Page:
“The ability to assign fault is the key. Just like the best human drivers in the world, self-driving cars cannot avoid accidents due to actions beyond their control,” Amnon Shashua, Mobileye CEO and Intel senior vice president, said in a statement last year. “But the most responsible, aware, and cautious driver is very unlikely to cause an accident of his or her own fault, particularly if they had 360-degree vision and lightning-fast reaction times like autonomous vehicles will.”
RSS is defined in software, unlike Mobileye’s Surround Computer Vision Kit, which principally consists of hardware. It’s a 12-camera array comprising three forward-looking cameras, one rear-facing camera, and a slew of perimeter cameras designed for autonomous cars. It has a range of more than 300 yards, Mobileye claims, and ships with a proprietary hardware and software solution that constructs a real-time view of the vehicle’s surroundings.
Alongside today’s announcement, Baidu said that it’s begun volume production of Apolong, China’s first Level 4 fully autonomous bus.
The 14-seater Apolong, which was developed in partnership with Chinese bus manufacturer King Long and first announced at Baidu World in November, will be deployed later this year in cities including Beijing, Shenzhen, Pingtan and Wuhan in “last-mile scenarios” in tourist spots and airports. Baidu said that it’s teaming up with SB Drive, tech firm SoftBank’s autonomous driving subsidiary, to bring Apolong minibuses to Japan in early 2019.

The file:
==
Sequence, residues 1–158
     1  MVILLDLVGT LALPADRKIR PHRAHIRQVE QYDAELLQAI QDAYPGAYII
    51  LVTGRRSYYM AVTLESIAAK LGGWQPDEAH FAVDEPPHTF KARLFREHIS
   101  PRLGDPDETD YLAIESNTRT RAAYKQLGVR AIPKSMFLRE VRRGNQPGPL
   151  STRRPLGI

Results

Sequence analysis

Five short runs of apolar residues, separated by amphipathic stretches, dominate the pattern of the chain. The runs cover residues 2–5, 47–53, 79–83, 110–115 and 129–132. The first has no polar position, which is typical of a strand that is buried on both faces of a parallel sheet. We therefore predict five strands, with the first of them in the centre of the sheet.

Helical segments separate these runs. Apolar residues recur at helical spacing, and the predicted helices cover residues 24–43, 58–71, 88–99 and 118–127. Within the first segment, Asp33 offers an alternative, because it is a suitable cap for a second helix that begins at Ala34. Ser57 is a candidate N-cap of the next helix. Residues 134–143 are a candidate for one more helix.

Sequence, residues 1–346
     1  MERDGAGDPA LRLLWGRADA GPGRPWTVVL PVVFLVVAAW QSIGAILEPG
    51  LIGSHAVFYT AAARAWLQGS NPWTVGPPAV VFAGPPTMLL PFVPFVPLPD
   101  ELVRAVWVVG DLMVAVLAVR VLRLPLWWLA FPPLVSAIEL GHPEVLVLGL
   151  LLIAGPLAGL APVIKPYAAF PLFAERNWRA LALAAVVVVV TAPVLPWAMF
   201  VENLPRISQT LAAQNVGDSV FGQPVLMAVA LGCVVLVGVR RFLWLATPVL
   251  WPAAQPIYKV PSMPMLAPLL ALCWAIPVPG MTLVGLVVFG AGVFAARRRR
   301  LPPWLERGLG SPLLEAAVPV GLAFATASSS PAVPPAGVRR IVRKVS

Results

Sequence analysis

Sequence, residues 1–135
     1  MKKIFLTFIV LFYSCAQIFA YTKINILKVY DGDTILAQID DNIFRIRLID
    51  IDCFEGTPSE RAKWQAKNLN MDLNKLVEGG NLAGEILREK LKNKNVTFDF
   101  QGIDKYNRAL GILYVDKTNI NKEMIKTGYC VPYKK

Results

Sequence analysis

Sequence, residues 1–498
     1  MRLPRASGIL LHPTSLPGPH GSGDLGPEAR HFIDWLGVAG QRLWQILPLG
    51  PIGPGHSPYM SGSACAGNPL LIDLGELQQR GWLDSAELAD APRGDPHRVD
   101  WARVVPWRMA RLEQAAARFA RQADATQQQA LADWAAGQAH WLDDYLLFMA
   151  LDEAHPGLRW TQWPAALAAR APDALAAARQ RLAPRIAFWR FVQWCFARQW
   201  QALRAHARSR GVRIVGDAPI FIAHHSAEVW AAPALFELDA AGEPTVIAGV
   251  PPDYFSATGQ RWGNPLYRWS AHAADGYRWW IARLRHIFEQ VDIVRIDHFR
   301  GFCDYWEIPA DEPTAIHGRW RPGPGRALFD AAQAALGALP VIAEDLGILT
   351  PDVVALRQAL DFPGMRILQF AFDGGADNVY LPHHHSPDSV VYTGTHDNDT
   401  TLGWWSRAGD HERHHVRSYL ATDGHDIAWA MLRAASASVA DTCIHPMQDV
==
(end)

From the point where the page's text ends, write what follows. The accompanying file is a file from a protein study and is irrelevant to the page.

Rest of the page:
“2018 marks the first year of commercialization for autonomous driving,” Baidu Chairman and CEO Robin Li said. “From the volume production of Apolong, we can truly see that autonomous driving is making great strides -taking the industry from zero to one.”
Today’s announcements are huge win for Mobileye, which controls roughly 70 percent of the current advanced driver-assistance market. (It’s already being used by major brands like Nissan, BMW, and Volkswagen.) By 2019, it expects over 100,000 Level 3 cars — vehicles that are capable of taking full control in specific scenarios like highway driving — to have the company’s technology installed.
They’re also good news for Baidu, which seeks to gain the upper hand over rivals like Tencent and Alibaba. In April, Alibaba confirmed that it has been conducting self-driving car tests with the goal of achieving Level 4 autonomous capability and said that it’s looking to hire as many as 50 engineers for its AI research lab. And in May, Tencent secured a license from the Chinese government to begin testing autonomous cars in Shenzhen, China.
Both Baidu and Mobileye are racing toward a veritable goldmine of a market. Autonomous vehicles and mobility services in China are expected to be worth more than $500 billion by 2030, according to a McKinsey report, when roughly 8 million self-driving cars hit public roads.